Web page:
The whole thing is very well-packaged. Do NOT do what I did and turn the whole big box over, thinking to lift it off the unit -- the exterior box is five-sided and the bottom is open already! You cut those plastic straps and lift the exterior box off! The sounds of the hoses and adapters hitting the ground will freak out your cats. It's pretty large overall, and the vents on the top remind me of that famous Sydney Australia opera house architecture.
The thing I wish I'd paid more attention to in the manual is that the extendable hoses SCREW CLOCKWISE INTO THE ADAPTERS. Get the adapters on the hose ends before attaching the adapters! Then it's a simple matter of snapping the adapters in place.
This all took my about an hour and a half if I subtract time I spent swearing. I have the unit next to my desk with the temperature set for sixty-something degrees. It's fairly noisy, but this room is presently MUCH cooler than any other room in the house. I can live with the noise. I'm hoping that those magic words "GEE, IT'S COLD IN HERE" will cross my mind in the near future.
Overall this is a very nice unit. I understand that you have got to look for a dual-hose, intake and exhaust, solution for interior/portable AC units. This is the first one I've ever set up. I'm willing to be impressed. Overall the installation is much nicer looking, more refined and elegant, than a window AC unit. We have a central AC unit but I think the thing is that the whole house, the house itself, heats up, so I'm more inclined to go with a "lifeboat" strategy now. I had a 5,000 BTU window AC unit last summer. I bought another 11,000 BTU window to install this year but haven't gotten around to it yet. Then this unit became available to review. If I was smart, I'd have it pointed right at where I'm sitting, but I'm afraid to touch it for fear of having to deal with those hoses again.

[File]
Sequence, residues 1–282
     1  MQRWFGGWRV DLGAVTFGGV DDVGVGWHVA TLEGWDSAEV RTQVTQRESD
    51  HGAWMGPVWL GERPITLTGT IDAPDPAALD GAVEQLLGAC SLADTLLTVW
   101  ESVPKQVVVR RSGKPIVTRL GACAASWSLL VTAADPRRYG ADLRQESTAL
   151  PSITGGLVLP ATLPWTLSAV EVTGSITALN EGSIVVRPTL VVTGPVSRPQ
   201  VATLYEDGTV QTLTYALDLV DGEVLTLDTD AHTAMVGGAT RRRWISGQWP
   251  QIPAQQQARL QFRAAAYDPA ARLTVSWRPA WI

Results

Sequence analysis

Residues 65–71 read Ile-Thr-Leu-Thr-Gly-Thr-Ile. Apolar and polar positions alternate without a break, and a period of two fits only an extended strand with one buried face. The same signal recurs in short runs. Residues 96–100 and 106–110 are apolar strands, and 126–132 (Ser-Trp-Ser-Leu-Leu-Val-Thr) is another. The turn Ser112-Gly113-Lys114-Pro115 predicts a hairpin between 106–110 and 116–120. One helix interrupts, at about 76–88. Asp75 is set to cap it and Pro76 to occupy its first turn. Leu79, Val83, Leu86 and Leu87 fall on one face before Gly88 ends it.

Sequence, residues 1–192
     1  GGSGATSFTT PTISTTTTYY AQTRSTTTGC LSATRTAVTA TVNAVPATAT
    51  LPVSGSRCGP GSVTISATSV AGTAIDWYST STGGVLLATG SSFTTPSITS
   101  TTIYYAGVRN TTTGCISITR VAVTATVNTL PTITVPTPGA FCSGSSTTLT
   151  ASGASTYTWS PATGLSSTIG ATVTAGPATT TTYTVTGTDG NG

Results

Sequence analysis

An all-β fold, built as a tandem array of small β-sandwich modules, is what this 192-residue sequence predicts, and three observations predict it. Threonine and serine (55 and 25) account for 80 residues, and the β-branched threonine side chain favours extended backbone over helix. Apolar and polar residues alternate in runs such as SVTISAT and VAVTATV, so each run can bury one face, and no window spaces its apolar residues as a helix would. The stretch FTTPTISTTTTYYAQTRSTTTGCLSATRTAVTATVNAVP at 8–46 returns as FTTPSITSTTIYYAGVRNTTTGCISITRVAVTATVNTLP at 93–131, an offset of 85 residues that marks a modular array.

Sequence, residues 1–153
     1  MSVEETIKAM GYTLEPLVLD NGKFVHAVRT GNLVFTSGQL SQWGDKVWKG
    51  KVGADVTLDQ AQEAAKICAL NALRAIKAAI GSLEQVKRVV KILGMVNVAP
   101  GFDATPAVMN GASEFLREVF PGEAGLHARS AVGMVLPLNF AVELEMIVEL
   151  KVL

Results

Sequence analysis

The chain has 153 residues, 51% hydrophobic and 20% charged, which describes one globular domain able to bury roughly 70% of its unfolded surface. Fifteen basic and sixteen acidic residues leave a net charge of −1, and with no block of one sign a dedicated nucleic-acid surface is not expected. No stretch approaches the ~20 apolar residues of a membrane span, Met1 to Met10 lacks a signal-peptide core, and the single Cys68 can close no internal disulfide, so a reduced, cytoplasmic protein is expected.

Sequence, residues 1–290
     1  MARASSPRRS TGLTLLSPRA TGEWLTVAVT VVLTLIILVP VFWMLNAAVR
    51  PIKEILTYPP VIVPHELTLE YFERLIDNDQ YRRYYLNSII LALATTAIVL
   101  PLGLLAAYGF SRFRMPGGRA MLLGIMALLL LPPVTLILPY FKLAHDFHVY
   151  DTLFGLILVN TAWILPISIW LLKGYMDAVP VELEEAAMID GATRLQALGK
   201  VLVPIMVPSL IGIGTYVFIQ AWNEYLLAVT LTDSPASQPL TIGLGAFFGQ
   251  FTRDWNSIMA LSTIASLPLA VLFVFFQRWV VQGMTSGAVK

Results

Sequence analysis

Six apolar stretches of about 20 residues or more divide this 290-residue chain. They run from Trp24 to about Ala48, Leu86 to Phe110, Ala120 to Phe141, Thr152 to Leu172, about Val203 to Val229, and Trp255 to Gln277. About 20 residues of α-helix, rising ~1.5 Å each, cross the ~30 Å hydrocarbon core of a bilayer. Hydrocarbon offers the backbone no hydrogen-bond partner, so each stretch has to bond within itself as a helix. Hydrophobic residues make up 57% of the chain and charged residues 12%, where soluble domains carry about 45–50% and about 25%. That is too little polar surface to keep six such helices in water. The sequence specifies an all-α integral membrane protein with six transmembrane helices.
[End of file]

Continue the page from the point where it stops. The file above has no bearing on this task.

INSTALL BOTH HOSES IN THEIR ADAPTERS FIRST! That bit of knowledge will save you some effort!